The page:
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In a shell script, what does $@ mean?


In a shell script, what does a dollar sign followed by an at-symbol (@) mean?

For example:

umbrella_corp_options $@

Asked by trusktr

Solution #1

All of the arguments supplied to the script are represented by $@.

If you run./ foo bar, for example, $@ will be identical to foo bar.

If you do:

./ foo bar

Then, inside, there’s a reference to:

umbrella_corp_options "$@"

This will be supplied to umbrella corp options with each each argument encased in double quotes, allowing the caller to pass parameters with blank spaces.

Answered by Har

Solution #2

$@ and $* are similar in that they both mean “all command line arguments.” They’re frequently used to send all arguments to another application (thus forming a wrapper around that other program).

When you have an argument with spaces in it (e.g.) and place $@ in double quotes, the difference between the two syntaxes becomes apparent:

wrappedProgram "$@"
# ^^^ this is correct and will hand over all arguments in the way
#     we received them, i. e. as several arguments, each of them
#     containing all the spaces and other uglinesses they have.
wrappedProgram "$*"
# ^^^ this will hand over exactly one argument, containing all
#     original arguments, separated by single spaces.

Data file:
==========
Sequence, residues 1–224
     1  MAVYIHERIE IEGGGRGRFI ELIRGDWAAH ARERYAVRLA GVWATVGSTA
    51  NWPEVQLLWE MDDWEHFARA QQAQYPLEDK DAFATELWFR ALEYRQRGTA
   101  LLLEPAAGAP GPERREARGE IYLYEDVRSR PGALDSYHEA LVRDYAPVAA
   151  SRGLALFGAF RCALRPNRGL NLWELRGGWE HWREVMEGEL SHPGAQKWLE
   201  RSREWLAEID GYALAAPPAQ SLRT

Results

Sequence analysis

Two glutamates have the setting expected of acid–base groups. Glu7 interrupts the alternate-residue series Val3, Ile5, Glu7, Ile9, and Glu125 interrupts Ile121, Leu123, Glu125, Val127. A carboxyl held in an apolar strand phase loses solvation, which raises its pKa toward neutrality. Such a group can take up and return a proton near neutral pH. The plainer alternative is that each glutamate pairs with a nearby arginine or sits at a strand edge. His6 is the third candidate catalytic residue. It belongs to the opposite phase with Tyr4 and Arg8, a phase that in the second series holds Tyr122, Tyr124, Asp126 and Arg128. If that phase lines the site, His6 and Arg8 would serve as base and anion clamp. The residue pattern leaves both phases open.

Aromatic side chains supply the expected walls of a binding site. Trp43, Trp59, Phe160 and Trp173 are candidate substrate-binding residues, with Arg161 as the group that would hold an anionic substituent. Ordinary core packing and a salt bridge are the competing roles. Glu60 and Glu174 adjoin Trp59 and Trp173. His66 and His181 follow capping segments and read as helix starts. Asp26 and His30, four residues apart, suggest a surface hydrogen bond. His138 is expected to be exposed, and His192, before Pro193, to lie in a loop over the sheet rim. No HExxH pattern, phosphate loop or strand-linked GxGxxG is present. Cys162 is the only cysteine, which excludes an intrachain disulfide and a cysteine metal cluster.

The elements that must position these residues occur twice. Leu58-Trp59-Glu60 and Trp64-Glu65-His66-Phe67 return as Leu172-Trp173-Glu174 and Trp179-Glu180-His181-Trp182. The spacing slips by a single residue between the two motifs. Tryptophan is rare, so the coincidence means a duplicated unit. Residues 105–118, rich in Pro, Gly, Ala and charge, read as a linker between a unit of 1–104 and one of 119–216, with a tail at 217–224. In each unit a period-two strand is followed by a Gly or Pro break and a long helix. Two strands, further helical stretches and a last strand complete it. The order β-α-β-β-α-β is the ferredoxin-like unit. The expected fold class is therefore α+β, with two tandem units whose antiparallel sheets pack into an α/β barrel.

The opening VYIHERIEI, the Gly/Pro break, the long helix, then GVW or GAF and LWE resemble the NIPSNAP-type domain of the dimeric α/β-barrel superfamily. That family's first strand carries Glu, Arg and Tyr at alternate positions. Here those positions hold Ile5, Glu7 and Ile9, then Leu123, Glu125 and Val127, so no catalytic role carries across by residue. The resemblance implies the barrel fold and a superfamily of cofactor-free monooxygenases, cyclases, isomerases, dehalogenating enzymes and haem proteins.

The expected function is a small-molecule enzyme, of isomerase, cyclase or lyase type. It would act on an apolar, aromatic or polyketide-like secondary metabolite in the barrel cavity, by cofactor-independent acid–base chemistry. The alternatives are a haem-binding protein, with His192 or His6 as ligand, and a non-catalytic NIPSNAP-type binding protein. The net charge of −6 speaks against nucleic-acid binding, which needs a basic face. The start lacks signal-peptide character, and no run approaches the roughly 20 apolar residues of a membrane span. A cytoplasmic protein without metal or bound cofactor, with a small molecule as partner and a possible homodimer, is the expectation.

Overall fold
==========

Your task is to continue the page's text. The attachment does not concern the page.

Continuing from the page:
wrappedProgram $*
# ^^^ this will join all arguments by single spaces as well and
#     will then split the string as the shell does on the command
#     line, thus it will split an argument containing spaces into
#     several arguments.

Example: Calling

wrapper "one two    three" four five "six seven"

will result in:

"$@": wrappedProgram "one two    three" four five "six seven"
"$*": wrappedProgram "one two    three four five six seven"
                             ^^^^ These spaces are part of the first
                                  argument and are not changed.
$*:   wrappedProgram one two three four five six seven

Answered by Alfe

Solution #3

The command line arguments are as follows:

$@ = saves all of the arguments in a string list. $* = collects all arguments into a single string. $# = keeps track of how many arguments there are.

Answered by Sameer Duwal

Solution #4

In most circumstances, using a pure $@ implies “hurt the programmer as much as you can,” because it causes problems with word separation, spaces, and other characters in arguments.

It is needed to enclose it in “: “$@” is what can be used to reliably iterate over the arguments in (guessed) 99 percent of all circumstances.

for a in "$@"; do something_with "$a"; done

Answered by glglgl

Solution #5

In brief, $@ expands to the arguments passed from the caller to a function or a script. Its meaning varies depending on the situation: Inside a function, it expands to the arguments passed to such function. If used in a script (outside a function), it expands to the arguments passed to such script.

$ cat my-script
#! /bin/sh
echo "$@"

$ ./my-script "Hi!"
$ put () { echo "$@"; }
$ put "Hi!"

* Please take note of the word splitting.

The shell splits tokens based on the IFS environment variable’s contents. The default value for this property is tn, which stands for whitespace, tab, and newline. When you expand “$@,” you get a clean copy of the parameters supplied. It’s possible that expanding $@ won’t work. Any arguments containing characters found in IFS may be divided into two or more arguments, or they may be truncated.

As a result, you’ll want to utilize “$@” rather than “$@” most of the time.

Answered by Luis Lavaire.

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